Scars of the Irish crash still run deep

A decade after the onset of the property and banking crash, mortgage debt means households

Scars of the Irish crash still run deep

August is a quiet month. It can also be a cruel one, offering up bumper harvests for those of us hungry for hard news. After all, it was in the dog days of August 1914 that World War One was unleashed.

Several decades later, the skids were under the Russian leader, Mikhail Gorbachev and the USSR after coup plotters sent tanks onto the streets.

Almost exactly a decade ago, the Great Recession kicked off when, on August 9, the French bank, BNP Paribas, suspended three funds with major exposure to bonds backed by US sub prime mortgages.

It was followed in weeks by the run on the Northern English-based lender Northern Rock, the first, widely publicised at least, run on a UK bank in 150 years.

The sight of depositors lined up on the street outside its Dublin branch was unsettling.

Up to that point, it had been a standard enough year.

A student ran amok on the Virginia Tech campus killing over 30 people.

Helen Mirren bagged an Oscar for her portrayal of Queen Elizabeth II. The first Apple iPhone went on sale. Rupert Murdoch snapped up Dow Jones, publisher of the the Wall Street Journal.

A bad drought in Australia pushed up global wheat prices.

But something more dangerous was stirring in the undergrowth.

Tremors began to be felt in the US housing market. Prices started to fall - by up to 15% in some areas.

In Ireland, house builders were beginning to feel the chill.

In January 2008, builders gathered in the Four Seasons Hotel in Dublin to consider their predicament.

It was possible to smell the fear around the hall, that night.

Within months, our economy was in free fall.

Fast forward to mid-August 2017. Global growth looks solid enough.

The eurozone crisis has abated — for now. The pressure points are largely on the political side.

Could another financial crisis emerge? Of course.

According to Alistair Darling, the British chancellor in 2007 and 2008, “the next crisis will probably come from where it was not expected, from causes that haven’t yet been identified. The lesson from 10 years ago is that something that starts as an apparently small ripple in the water can become mountainous seas very quickly.”

As he told the BBC, the scariest moment for him took the form of a phone conversation, in September 2008, with Tom McKillop, then chairman of Ulster Bank-owner the Royal Bank of Scotland (RBS).

The conservation involved RBS being a bank “about the same size as the entire British economy”.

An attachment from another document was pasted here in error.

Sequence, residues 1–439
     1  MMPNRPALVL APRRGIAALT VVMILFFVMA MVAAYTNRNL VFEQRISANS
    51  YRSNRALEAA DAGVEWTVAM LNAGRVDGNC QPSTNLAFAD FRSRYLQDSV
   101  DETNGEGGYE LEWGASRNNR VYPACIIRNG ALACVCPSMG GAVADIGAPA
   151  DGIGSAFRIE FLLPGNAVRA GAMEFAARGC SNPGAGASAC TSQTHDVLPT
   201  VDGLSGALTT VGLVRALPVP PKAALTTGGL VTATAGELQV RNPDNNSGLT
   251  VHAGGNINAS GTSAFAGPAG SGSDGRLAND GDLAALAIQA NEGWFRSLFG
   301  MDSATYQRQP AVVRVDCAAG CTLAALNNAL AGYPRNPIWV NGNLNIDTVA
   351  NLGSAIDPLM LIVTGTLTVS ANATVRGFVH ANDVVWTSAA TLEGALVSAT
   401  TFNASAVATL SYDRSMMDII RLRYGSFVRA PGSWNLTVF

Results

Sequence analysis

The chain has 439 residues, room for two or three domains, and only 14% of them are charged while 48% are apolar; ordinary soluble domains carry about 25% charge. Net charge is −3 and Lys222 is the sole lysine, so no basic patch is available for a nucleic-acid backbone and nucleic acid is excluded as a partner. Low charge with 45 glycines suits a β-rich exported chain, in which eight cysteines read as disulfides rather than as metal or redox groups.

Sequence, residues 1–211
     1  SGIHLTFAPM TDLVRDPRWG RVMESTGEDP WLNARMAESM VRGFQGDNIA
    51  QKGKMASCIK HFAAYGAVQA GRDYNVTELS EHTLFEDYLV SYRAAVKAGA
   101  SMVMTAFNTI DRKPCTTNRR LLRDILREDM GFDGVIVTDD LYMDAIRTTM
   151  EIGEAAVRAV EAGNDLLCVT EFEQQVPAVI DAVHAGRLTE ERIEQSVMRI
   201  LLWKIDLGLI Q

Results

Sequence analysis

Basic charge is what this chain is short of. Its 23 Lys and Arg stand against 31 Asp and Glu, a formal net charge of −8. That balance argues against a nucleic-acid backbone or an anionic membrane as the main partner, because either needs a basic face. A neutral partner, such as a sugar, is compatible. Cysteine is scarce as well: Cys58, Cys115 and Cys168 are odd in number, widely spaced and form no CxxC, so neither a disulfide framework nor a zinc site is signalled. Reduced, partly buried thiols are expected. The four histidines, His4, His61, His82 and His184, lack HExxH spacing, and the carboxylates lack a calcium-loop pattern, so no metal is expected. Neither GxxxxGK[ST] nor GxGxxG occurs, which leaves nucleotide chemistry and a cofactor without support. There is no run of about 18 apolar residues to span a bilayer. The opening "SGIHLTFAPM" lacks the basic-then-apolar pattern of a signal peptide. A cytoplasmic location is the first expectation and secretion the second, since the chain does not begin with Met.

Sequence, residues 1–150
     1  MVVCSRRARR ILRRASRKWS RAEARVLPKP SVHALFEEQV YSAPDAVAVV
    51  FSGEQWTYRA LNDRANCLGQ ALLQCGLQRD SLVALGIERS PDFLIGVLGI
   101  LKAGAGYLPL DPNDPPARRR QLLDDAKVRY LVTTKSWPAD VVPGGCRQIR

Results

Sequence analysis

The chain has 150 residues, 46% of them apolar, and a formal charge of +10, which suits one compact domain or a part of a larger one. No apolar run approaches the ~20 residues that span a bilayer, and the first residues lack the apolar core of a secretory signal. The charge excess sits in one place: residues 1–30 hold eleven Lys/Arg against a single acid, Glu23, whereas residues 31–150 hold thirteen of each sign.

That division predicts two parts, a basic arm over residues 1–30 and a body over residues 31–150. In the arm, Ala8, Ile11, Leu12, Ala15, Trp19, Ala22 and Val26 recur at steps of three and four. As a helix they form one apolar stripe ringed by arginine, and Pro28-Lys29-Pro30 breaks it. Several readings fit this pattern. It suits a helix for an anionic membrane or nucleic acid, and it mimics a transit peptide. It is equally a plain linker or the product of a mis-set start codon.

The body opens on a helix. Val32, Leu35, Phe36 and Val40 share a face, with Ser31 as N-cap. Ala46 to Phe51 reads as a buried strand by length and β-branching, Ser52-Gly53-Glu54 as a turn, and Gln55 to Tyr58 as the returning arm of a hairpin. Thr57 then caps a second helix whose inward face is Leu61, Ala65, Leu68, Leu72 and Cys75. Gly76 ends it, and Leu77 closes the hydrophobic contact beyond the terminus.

Mr McKillop let it be known that his bank would run out of money early that afternoon. Not much notice, then.

There could be plenty of early warning signs.

Ireland ran a deficit on its current account of almost 6% in 2007. We were living beyond our means.

The annual budget deficit in the US was a sizeable 5%.

Diced up mortgages in the US were just part of a larger consumer bubble.

The Chinese balance of payments surplus at the time was around 10%. It has come down considerably since then.

We clawed our way back to recovery in Ireland, with balance of payments surpluses signalling progress.

The process was painful.

Meanwhile, the UK is currently running current account deficits and there is an overhang of personal debt.

Could a mishandled Brexit help to trigger a recession of the size of the early 1990s, triggering problems in Ireland, even in the event of an agreed UK departure from the EU?

Such a scenario is easy to envisage.

Former Goldman Sachs economist Jim O’Neill believes that the global economy, at least, is much healthier than 10 years ago when he had warned of trouble ahead.

However, the Bank for International Settlements — which last time out failed to raise many red flags — this time has warned that we face a stiff test as central banks ease back on their quantitative easing policies which have helped to keep world interest rates at rock-bottom levels.

Interest rates are on the turn and recent dollar weakness may embolden the US central bank to act.

Fears about China, other fast developing economies, and Europe’s banks and struggling peripheral countries have abated for now.

Can we rely on this to continue?

Ireland has certainly rebounded since 2012, but the economy remains vulnerable to a broader based meltdown, where say, real interest rates rise as investors seek safe havens.

A year ago, Irish household disposable income was still 7% below the 2007 peak.

Ireland is still one of the most over- borrowed countries in Europe, in terms of the Government debt burden, indebted companies and households.

The national debt clock has ticked past the €203bn mark and when flattering official GDP figures are discounted, it stands, official figures show, still at over 100% of the real size of the economy.

Thanks to unsustainable mortgage debt, Irish home owners are around the third most indebted in the eurozone.

The long recession has also been accompanied by an accumulation in deficits in infrastructure, social and physical.

Then there are the psychological scars from the crash.

Ireland has moved forward, but remains highly vulnerable.

The economy is a bit like central Dublin at the moment — a rather messy work in progress.

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